Skip to comments.Horses as therapists: helping veterans heal (Breakthroughs occur, sometimes in a flood of tears)
Posted on 06/13/2009 10:38:14 AM PDT by SandRat
Generations ago, horses were used to wage war. Now they're being used to heal the psychic wounds of war. In an trend still viewed as strange by much of the mental-health mainstream, some Southern Arizona counselors are using the beasts as co-therapists to treat troops suffering from combat trauma.
"When I first heard about it, I thought, 'Are they kidding?' " said Army National Guard Staff Sgt. Richard Quinn, who returned from Iraq in 2007 with a brain injury and post-traumatic stress disorder.
But after a recent weekend spent communing with Kairos, a hulking black draft horse, Quinn is a believer in the power of equine-assisted psychotherapy.
Almost immediately, he said, "I started feeling more relaxed and at ease" a boon because Quinn, who served as a convoy commander overseas, has had few peaceful moments postwar.
"My wife says I cry in my sleep," said Quinn, 48, of Bisbee, whose convoys were hit twice by roadside bombs. "At night I wake up soaking wet, and I don't even know what I dreamed about."
Animals have long been known to have a calming effect on people witness therapy dogs that visit hospitals and nursing homes to soothe the sick. And horse-riding programs, such as those offered at Therapeutic Riding of Tucson, have been used for years to help people with disabilities improve balance and motor functions. But equine-assisted psychotherapy is something different, experts say.
Unlike house pets, horses are prey animals. As such, they have keen abilities to take the emotional temperature of their environment, sensing distress in other creatures, which, in the wild, might mean danger is near.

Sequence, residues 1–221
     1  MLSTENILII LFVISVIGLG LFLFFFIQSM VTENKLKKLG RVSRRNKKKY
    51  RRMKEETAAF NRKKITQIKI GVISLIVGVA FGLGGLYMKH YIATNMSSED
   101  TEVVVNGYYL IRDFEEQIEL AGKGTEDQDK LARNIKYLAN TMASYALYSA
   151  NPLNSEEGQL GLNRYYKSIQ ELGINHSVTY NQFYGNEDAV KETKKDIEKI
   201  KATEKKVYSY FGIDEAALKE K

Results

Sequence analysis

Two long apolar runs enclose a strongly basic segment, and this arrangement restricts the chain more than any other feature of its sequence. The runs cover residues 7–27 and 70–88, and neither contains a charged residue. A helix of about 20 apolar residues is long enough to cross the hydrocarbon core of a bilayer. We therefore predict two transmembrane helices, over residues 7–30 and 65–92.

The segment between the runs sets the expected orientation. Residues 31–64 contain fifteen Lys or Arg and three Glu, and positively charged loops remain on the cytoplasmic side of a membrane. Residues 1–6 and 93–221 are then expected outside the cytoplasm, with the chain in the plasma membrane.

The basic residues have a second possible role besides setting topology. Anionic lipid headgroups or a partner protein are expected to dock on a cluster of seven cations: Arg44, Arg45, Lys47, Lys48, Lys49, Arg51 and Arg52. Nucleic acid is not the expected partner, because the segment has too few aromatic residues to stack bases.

"Horses have a unique ability to mirror human emotion," said Dr. Nancy Coyne, a psychiatrist who works with the Epona Center, a horse ranch in Sonoita that offers such treatment.
"They read body language and expressions. They can pick up subtle changes in blood pressure, heart rate and respiration."
Using horses to treat mental-health issues is relatively new in the world of psychotherapy so new that it tends to raise eyebrows among traditionalists.
"Certainly, the mainstream thinks it's a little odd," said Coyne, who recently treated Quinn and several other local soldiers in a pilot program with Fort Huachuca, an Army post 75 miles southeast of Tucson.
Putting a troubled person in a pen or pasture with a therapy horse evokes responses from both beings, practitioners say.
For the humans, the impact can be more powerful than years of traditional talk therapy.
"I've had clients who can sit and talk for years about their problems and how much they'd like to change. But when they get out with the horses, things start to happen," said Toni Leo, a Sierra Vista psychologist.
Leo has treated many current and former military members and spouses for issues such as grief, anxiety, depression and childhood trauma. She's been using equine psychotherapy in her private practice for about two years with horses from a sanctuary she runs.
The therapy sessions don't involve riding, Leo said. Typically, the human clients are assigned a task for example, they're given a halter and lead rope and told to "go catch a horse."
The interplay that follows gives clues to the client's inner state.
"It's not about catching the horse," Leo said. "We want to see how the person problem-solves and what comes up in the interaction."